Point taken. Yet spectacular ice cube or not, the toro, or belly cut of bluefin tuna, comes so heavily dressed with ponzu that the fish — so precious, so scarce — feels disrespected. To not really taste this luscious, fat-marbled delicacy makes you feel bad. Bad for the fish. And bad that you’re eating something endangered that you can’t much taste. The decorative dab of osetra caviar only adds to the internal squabble.

The overdressing — or blurring, or piling on — of these dear commodities surfaces most resolutely in Oishii’s specialty maki, where all sorts of bright and earthy ingredients are further razzle-dazzled into existence. Or, as a friend who eats here regularly calls them: “fish layered with glam.”

Sex appeal is torqued. Appearance is prized. (Make no mistake, most of Oishii’s food has a pinpoint, bejeweled beauty to it.) But the highly subtle flavors and textures of each ingredient — the very raison d’etre of sushi — can get lost.

Take one of the most popular rolls, the toro truffle. The torch-seared fish comes rolled around shrimp tempura, spicy mayo, and cucumber, topped with black truffle and caviar. I know — sounds amazing. It’s also the closest edible approximation you may ever taste to careering your Rolls Royce Silver Shadow headlong into a seven-car pileup.


If only some laboratory genius could invent a semi-palatable substance that approximated the tensile give-and-take of fish. Glam it with wasabi, soy, and spicy mayo, and the tragic emptying of our oceans might reverse.

Yet prizes sit hidden and modest throughout Oishii’s lengthy menu, largely because they’re unaccompanied by flame, smoke, or ice. For example, the enoki mushroom soup, a mere $7, seems to be a throwaway, yet surprises with its deeply satisfying play between bonito broth, miniature mushrooms, and humble scallions.

Crispy pork belly.Lane Turner/Globe Staff

The crispy pork belly, for $35, is presented like a tekka maki, but instead of seaweed on the outside, it’s crisped skin. The meat packs a densely pork-y punch. The weighty garnish of pickled shallots remains a garnish, with no chance of drowning the protein.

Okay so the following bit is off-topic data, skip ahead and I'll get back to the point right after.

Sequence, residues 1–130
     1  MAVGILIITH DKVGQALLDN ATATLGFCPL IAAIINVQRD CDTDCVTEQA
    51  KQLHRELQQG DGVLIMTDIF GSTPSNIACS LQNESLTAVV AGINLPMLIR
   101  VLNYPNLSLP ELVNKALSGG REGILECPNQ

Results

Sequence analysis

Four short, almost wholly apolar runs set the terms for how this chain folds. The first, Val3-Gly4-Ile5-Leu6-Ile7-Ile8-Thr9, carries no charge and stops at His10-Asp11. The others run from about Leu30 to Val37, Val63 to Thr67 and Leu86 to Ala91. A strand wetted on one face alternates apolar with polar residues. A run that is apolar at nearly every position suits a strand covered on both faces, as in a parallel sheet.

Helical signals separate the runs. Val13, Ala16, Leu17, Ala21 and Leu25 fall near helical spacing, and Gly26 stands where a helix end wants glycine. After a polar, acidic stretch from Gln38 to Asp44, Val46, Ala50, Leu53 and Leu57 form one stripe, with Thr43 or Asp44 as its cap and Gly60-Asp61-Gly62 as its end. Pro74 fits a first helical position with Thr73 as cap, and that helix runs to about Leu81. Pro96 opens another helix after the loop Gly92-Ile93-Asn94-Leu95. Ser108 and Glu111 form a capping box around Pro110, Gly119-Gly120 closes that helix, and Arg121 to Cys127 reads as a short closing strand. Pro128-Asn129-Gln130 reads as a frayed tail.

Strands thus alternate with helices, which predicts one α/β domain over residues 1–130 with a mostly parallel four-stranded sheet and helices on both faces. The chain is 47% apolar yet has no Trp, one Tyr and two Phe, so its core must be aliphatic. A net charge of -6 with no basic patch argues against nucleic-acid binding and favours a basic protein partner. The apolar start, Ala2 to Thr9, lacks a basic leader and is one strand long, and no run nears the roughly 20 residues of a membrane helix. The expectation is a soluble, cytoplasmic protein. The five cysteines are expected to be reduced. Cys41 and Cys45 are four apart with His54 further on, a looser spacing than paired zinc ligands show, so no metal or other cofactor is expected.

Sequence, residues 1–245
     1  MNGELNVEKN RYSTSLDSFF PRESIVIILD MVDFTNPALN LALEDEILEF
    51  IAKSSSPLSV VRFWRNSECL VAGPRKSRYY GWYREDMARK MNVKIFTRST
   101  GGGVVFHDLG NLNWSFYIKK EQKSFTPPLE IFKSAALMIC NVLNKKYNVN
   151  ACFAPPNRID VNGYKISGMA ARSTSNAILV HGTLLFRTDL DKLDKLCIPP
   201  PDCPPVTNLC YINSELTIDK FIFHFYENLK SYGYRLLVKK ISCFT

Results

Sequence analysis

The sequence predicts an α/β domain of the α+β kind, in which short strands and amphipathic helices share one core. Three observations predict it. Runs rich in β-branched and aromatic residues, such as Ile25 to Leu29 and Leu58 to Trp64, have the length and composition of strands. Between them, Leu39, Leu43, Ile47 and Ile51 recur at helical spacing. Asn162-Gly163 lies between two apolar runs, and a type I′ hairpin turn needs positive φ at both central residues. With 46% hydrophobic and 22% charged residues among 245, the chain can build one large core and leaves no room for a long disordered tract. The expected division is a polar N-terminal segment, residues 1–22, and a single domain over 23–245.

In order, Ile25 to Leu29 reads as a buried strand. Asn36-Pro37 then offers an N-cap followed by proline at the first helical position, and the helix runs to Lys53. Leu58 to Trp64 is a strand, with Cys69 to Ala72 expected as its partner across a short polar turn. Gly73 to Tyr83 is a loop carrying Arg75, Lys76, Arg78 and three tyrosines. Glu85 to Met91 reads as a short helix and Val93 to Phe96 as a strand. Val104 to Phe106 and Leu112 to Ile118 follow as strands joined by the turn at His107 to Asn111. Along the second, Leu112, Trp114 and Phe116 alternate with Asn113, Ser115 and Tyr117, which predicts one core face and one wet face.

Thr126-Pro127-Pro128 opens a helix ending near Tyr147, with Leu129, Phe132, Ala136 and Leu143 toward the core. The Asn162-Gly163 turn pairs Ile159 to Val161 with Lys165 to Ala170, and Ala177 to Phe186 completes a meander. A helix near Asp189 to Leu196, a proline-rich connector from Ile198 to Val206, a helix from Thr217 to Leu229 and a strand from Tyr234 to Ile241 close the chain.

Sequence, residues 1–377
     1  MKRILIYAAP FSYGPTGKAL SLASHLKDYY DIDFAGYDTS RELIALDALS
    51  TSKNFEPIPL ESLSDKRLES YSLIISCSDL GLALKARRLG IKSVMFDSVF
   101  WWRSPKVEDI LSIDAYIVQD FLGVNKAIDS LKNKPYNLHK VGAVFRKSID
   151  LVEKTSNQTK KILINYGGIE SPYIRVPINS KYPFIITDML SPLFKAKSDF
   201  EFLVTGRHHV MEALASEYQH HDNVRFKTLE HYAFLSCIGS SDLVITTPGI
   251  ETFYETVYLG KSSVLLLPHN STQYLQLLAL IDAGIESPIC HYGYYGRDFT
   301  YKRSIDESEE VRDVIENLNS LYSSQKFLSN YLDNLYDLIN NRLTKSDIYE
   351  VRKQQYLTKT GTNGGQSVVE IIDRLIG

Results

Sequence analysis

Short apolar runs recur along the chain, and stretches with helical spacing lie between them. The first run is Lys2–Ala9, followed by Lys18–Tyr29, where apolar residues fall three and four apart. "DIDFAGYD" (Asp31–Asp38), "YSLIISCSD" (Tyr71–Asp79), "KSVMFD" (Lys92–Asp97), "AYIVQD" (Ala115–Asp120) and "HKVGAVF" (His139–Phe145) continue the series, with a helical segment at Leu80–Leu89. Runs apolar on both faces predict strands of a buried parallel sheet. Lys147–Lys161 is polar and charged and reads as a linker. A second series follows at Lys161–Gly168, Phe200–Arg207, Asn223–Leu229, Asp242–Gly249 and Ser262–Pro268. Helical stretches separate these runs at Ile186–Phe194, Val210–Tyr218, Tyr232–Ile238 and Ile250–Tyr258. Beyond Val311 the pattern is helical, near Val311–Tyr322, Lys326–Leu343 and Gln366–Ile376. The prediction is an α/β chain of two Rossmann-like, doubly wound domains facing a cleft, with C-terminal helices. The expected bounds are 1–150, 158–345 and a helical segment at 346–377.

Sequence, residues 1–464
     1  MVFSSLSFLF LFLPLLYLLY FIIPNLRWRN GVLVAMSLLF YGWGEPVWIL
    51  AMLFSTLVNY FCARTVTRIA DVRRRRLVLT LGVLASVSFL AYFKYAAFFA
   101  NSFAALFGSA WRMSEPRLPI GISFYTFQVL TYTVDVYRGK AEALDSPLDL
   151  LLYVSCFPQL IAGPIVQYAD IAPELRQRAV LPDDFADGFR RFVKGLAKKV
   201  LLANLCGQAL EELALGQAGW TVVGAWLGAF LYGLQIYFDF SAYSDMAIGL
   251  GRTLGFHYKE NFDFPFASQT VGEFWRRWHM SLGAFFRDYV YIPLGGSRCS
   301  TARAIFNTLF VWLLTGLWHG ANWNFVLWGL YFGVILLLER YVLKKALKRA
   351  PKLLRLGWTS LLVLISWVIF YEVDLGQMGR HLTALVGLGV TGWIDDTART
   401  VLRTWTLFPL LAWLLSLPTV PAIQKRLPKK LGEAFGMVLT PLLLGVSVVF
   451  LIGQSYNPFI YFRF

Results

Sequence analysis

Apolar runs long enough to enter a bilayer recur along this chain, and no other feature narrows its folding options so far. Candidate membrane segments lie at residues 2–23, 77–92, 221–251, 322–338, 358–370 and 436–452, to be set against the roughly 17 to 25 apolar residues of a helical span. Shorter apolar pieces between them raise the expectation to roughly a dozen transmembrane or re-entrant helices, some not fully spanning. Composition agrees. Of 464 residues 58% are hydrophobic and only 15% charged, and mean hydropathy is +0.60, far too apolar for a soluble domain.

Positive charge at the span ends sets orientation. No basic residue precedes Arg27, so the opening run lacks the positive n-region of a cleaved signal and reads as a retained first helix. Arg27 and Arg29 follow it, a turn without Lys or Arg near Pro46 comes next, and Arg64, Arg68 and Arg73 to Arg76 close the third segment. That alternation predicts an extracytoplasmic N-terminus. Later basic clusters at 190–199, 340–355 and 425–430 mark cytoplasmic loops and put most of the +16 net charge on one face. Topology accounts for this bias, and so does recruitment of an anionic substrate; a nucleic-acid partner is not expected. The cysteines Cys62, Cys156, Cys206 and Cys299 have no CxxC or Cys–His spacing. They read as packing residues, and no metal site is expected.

The uni pasta features sea urchin suffused into spaghetti. The poached egg, with its swirled yolk, plus shaved truffles, only raises and complicates the delicious, high-funk quotient. The pasta (or ramen) is mushy, but as my friend put it: “I’d eat uni tossed with hay.” At $30 for this small portion, I’m looking to source hay.

As we ate an outlandish dessert — a softball-size coconut sphere filled improbably with coffee mousse — we got into conversation with a couple next to us. It was a Saturday night. To our relief, we’d encountered no conversations from anyone about the daytime dispatching of employees.


Both were eating the $75 chef’s choice combination of sushi and sashimi, which earns a single, unassuming line on the menu. But what a gorgeous sight. I asked how they’d come to order this amid so many temptations. He said, “I did my research” — wading through online descriptions of Oishii’s pyrotechnic offerings and locating the precious flecks of gold, the simple fish as selected by a seasoned sushi chef.

I returned for lunch to test this quieter version of Oishii. Instead of the nine-course kaiseki — there are $20 or $30 versions, which look terrific — I ordered the $75 chef’s choice. I asked the waiter if I could try the miso soup, the start of both kaiseki. The soups had been superb. But he said no and walked off.

The rice came clumped and cold. Covertly, I double-checked it against my cheek. Yup, too cold. And the fish itself? No smoke, no ice, no flash, yet here was Oishii’s finest firework.


1166 Washington St., South End, Boston, 617-482-8868, www.oishiiboston.com. All major credit cards accepted. Wheelchair accessible.

Prices Appetizers $6-$75. Entrees $18-$130. Specialty maki $12-$30. Chef’s choice sushi and sashimi $30-$95. Omakase $150-$225.

Hours Tue-Sat lunch noon-3 p.m., dinner 5:30-11:30 p.m. (bar until 1 a.m.); Sun 1-10 p.m.

Noise level Eclectic lounge early, thumpy dance late

What to order Sakura smoked hamachi, salmon on fire, enoki mushroom soup, black cod with sweet miso, crispy pork belly, uni pasta, toro truffle maki, crispy mango maki, chef’s choice sashimi

Ted Weesner can be reached at tedweesner@gmail.com.